FTC threatens fines for health apps that fail to report compromised data

The consumer protection agency clarified a 2009 rule meant to help Americans understand when their data is shared improperly.
Lina Khan, nominee for Commissioner of the Federal Trade Commission (FTC), testifies during a Senate Committee on Commerce, Science, and Transportation confirmation hearing on Capitol Hill in Washington, DC, April 21, 2021. (Photo by SAUL LOEB/POOL/AFP via Getty Images)

App developers and device operators that collect health data about Americans must alert consumers in the event their personal information is compromised or shared without permission, the Federal Trade Commission ruled Wednesday.

The U.S. consumer protection agency voted 3-2 on a new regulation that is meant to clarify the 2009 Health Notification Rule, which details how companies should tell consumers if their data is improperly shared or breached. The decision Wednesday extends the 2009 rule to cover health apps, fitness trackers and other connected devices that have risen in popularity over the past decade.

“The global pandemic has hastened the adoption of virtual health assistants, with Americans placing their trust in various technologies to track and manage their personal health,” FTC chair Lina Khan said in a statement. “As we have seen, however, digital apps are routinely caught playing fast and loose with user data, leaving users’ health information susceptible to hacks and breaches.”

Unauthorized access to personal data, such as an app developer sharing user information without their consent, as well as data breaches constitute grounds for notification. Failure to comply with the regulation will trigger fines of up to $43,792 per violation, per day.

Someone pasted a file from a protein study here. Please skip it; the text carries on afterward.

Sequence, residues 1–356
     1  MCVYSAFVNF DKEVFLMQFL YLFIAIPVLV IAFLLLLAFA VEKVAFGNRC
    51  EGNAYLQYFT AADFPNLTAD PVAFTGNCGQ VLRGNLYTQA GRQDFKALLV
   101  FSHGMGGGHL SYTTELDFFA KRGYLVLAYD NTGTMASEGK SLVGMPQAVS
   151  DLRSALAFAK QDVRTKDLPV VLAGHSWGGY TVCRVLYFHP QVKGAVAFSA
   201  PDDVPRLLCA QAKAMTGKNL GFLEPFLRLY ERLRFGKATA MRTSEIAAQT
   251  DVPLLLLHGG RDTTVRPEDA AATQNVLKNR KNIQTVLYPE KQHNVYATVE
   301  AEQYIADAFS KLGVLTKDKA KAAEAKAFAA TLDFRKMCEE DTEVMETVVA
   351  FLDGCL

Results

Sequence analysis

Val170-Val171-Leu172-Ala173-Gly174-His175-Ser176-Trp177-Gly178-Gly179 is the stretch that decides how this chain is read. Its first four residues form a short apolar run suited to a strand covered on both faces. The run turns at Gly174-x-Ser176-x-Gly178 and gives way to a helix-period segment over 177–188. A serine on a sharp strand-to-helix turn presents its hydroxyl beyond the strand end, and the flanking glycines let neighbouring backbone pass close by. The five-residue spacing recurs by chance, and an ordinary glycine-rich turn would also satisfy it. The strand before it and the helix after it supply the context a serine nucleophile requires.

The update comes after the FTC voted to ban SpyFone, a so-called stalkerware app that enabled snoops to monitor an individual’s phone usage, online activity and physical movements, and prohibited the company’s owner from participating in similar ventures. Along with marketing itself as a surveillance device, the FTC said, SpyFone also failed to enact basic security measures.

“This case is an important reminder that surveillance-based businesses pose a significant threat to our safety and security,” Samuel Levine, acting director of the FTC’s Bureau of Consumer Protection said at the time. “We will be aggressive about seeking surveillance bans when companies and their executives egregiously invade our privacy.”

Jeff Stone

Written by Jeff Stone

Jeff Stone is the editor-in-chief of CyberScoop, with a special interest in cybercrime, disinformation and the U.S. justice system. He previously worked as an editor at the Wall Street Journal, and covered technology policy for sites including the Christian Science Monitor and the International Business Times.

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